Self-Reported Diabetes Prevalence in Asian American Subgroups: Behavioral Risk Factor Surveillance System, 2013–2019

Nilay S. Shah*, Cecily Luncheon, Namratha R. Kandula, Pyone Cho, Fleetwood Loustalot, Jing Fang

*Corresponding author for this work

Research output: Contribution to journalArticlepeer-review

18 Scopus citations


Background: Diabetes mellitus (DM) is a leading contributor to morbidity and mortality in the United States (US). Prior DM prevalence estimates in Asian Americans are predominantly from Asians aggregated into a single group, but the Asian American population is heterogenous. Objective: To evaluate self-reported DM prevalence in disaggregated Asian American subgroups to inform targeted management and prevention. Design: Serial cross-sectional analysis. Participants: Respondents to the US Behavioral Risk Factor Surveillance System surveys who self-identify as non-Hispanic Asian American (NHA, N=57,001), comprising Asian Indian (N=11,089), Chinese (N=9458), Filipino (N=9339), Japanese (N=10,387), and Korean Americans (N=2843), compared to non-Hispanic White (NHW, N=2,143,729) and non-Hispanic Black (NHB, N=215,957) Americans. Main Measures: Prevalence of self-reported DM. Univariate Satterthwaite-adjusted chi-square tests compared the differences in weighted DM prevalence by sociodemographic and health status. Key Results: Self-reported fully adjusted DM prevalence was 8.7% (95% confidence interval 8.2–9.3) in NHA, compared to 14.3% (14.0–14.6) in NHB and 10.0% (10.0–10.1) in NHW (p<0.01 for difference). In NHA subgroups overall, DM prevalence was 14.4% (12.6–16.3) in Filipino, 13.4% (10.9–16.2) in Japanese, 10.7% (9.6–11.8) in Asian Indian, 5.1% (4.2–6.2) in Chinese, and 4.7% (3.4–6.3) in Korean Americans (p<0.01). Among those aged ≥65 years, DM prevalence was highest in Filipino (35.0% (29.4–41.2)) and Asian Indian (31.5% (25.9–37.8)) Americans. Adjusted for sex, education, and race/ethnicity-specific obesity category, NHA overall had a 21% higher DM prevalence compared to NHW (prevalence ratio 1.21 [1.14–1.27]), while prevalence ratios were 1.42 (1.24–1.63) in Filipinos and 1.29 (1.14–1.46) in Asian Indians. Conclusions: Adjusted self-reported DM prevalence is higher in NHA compared with NHW. Disaggregating NHA reveals heterogeneity in self-reported DM prevalence, highest in Filipino and Asian Indian Americans.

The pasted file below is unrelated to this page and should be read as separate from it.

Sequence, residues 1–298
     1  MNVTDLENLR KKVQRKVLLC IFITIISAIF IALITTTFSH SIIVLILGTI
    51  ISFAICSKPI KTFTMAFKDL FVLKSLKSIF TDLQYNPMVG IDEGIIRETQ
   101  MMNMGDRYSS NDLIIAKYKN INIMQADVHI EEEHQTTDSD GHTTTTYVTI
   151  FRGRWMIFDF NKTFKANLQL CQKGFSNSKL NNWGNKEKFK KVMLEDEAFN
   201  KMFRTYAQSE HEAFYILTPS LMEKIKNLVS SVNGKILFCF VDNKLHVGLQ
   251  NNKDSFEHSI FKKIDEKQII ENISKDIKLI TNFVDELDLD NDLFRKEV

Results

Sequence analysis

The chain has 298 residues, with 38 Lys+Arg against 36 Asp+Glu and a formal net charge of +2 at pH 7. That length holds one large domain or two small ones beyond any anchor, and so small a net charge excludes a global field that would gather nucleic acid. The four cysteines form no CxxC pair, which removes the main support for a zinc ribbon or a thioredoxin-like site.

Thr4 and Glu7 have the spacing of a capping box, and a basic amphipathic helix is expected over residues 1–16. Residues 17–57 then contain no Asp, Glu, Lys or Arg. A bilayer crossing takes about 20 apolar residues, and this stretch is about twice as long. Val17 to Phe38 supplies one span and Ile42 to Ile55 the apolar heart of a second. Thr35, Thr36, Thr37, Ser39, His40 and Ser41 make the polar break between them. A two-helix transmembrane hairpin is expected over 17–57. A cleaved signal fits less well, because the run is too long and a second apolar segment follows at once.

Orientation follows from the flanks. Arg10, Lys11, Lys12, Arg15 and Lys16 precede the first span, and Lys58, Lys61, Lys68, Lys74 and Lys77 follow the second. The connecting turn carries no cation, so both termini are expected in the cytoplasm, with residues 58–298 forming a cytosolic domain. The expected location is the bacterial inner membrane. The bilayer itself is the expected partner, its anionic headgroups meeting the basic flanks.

Original languageEnglish (US)
Pages (from-to)1902-1909
Number of pages8
JournalJournal of general internal medicine
Issue number8
StatePublished - Jun 2022


  • Asian American
  • cardiovascular disease
  • diabetes mellitus
  • surveillance

ASJC Scopus subject areas

  • Internal Medicine


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